Atlanta Food

International cuisine

“Yucatán: Recipes from a Culinary Expedition”

Yucatán expedition

Chef/author David Sterling may be best known as the founder of Los Dos Cooking School, the first culinary institute in Mexico devoted exclusively to Yucatecan cooking.

But in addition to his research and teaching, Sterling’s 2014 book, “Yucatán: Recipes from a Culinary Expedition” (University of Texas Press, $60), seems destined to mark him as the authority on the foodways of Yucatán.

Illustrated with vivid photos of people and places, and containing 275 recipes and a glossary of pantry staples and basic techniques, the combination history, travelogue and cookbook argues for the Caribbean-meets-Mexican Yucatán Peninsula as home to one of the world’s great regional cuisines.

» More Mexico: Mad about mezcal | Frida Kahlo-inspired cuisine

Beer town

Beer Town: Free Spirit Farmhouse Pale Ale a labor of love

Free Spirit ale is a labor of love

Brian Watts is behind the bar, pouring a glass of Free Spirit Farmhouse Pale Ale from a tap at the Fox & Gnome, the cozy hideaway in the basement of his Decatur home.

“I like to say there’s no other beer brewed with as much love as Free Spirit,” Watts says.


From the menu of...

From the menu of: Saul Good Restaurant & Pub

Saul Good Restaurant & Pub

Q: My parents, two sons and I were driving home from Michigan and stopped in Lexington, Kentucky, for the night. The front desk employee at our hotel recommended a local restaurant called Saul Good, so we went there for dinner. My mom and I shared their strawberry salad. It was delicious — by far my favorite salad ever and I’ve never had anything like it. Is there any way you could get it for me? I know I won’t be back in Lexington anytime soon and would love to have it again. Thanks so much! — Sarah Merkle, Atlanta


In season

In season: melons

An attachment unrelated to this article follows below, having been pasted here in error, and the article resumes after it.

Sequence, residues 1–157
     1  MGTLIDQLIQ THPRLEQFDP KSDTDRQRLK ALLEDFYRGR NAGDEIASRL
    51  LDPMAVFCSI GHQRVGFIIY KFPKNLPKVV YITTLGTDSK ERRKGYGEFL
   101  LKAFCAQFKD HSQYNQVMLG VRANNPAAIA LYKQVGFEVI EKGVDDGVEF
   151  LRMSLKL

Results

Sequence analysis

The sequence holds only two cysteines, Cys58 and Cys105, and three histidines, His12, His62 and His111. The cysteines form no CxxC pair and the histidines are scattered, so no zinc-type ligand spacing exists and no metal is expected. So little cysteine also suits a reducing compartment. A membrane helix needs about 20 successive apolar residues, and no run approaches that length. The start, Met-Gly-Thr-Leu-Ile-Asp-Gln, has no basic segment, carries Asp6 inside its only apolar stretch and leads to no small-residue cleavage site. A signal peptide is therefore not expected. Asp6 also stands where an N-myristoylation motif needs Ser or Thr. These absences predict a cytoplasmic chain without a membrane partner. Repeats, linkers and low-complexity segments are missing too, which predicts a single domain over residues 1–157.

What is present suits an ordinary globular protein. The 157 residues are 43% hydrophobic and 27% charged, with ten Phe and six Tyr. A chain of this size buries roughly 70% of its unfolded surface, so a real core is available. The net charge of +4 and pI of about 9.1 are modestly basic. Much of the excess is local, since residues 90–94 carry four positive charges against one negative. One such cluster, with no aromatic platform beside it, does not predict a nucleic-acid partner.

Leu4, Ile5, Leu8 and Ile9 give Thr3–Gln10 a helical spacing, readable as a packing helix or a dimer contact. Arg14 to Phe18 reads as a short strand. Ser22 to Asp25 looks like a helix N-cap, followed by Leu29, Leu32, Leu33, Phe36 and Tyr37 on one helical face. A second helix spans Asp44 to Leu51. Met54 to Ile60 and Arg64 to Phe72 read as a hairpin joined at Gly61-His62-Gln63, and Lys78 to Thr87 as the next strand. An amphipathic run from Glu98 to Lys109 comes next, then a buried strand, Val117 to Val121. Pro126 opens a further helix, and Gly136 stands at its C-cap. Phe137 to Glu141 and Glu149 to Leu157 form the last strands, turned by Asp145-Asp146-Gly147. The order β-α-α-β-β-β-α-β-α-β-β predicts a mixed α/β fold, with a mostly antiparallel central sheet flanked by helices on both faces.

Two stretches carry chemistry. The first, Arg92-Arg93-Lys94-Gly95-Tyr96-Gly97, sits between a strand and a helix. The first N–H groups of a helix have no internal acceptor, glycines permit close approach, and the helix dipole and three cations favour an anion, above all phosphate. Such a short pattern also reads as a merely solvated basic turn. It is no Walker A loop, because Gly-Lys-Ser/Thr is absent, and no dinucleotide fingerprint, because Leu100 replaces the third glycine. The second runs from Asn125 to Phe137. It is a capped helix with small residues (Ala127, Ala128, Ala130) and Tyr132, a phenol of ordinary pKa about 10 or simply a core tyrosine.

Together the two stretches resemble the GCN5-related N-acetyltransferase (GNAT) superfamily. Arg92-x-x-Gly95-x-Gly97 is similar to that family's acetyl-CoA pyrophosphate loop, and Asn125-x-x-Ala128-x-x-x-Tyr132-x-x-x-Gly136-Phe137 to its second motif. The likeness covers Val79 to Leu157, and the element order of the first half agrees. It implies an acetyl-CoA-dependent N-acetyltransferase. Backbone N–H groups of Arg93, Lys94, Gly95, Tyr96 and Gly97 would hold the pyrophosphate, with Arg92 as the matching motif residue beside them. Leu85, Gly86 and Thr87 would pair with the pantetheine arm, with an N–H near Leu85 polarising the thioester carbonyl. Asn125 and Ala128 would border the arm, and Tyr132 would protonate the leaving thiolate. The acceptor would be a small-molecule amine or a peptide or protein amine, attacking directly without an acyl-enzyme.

Renee Brock

In season: melons

Unlike 2013, this has been a good year for local melons.

Last year, the rain melted the vines and turned the fruit into a rotted mess. This year’s drier weather has been a boon for local melon lovers.

John Mikle, who sells his produce under the name Farmer John, grows watermelon, cantaloupe and six different varieties of gourmet melons on about a quarter acre of the six acres he cultivates on a large property in Monroe.


Becky Stein

Asian comfort food redefined for a new generation

Inventing a cuisine broadcloth can be an exciting process, but also fraught and tricky. It’s a bit like inventing a personality.

But a cohort of Asian-American chefs across the country has been doing just that in recent years. They’ve reached for their mothers’ and grandmothers’ recipes and interpreted them through the prism of their lives: their childhoods filled with burgers, pizza and tacos.


Savor summer peaches before the season is over

Savor summer peaches before the season is over

It’s a challenge to grow peaches, said Al Pearson of Fort Valley’s Pearson Farm. “If we don’t win the battle with taste, then we’ve lost.”

The family-run farm is in its fifth generation of harvesting Georgia peaches, which Pearson believes are superior. “I think the heavy Georgia red clay soil gives the peaches a particular terroir, much like wine grapes,” he said.


It’s not summertime without sangria

It’s not summertime without sangria

Sangria served in a pitcher, with colorful bursts of peaches, strawberries or other fruit floating atop the mixture, is a pretty telltale sign that it’s summertime.

Although it’s typically a combination of wine, chopped fruit, some kind of sweetener and a small amount of brandy, this recipe calls for prosecco and cognac (a longer aged variety of brandy), and it’s an aromatic, bubbly alternative that shows off cognac’s distinctive fruity character.


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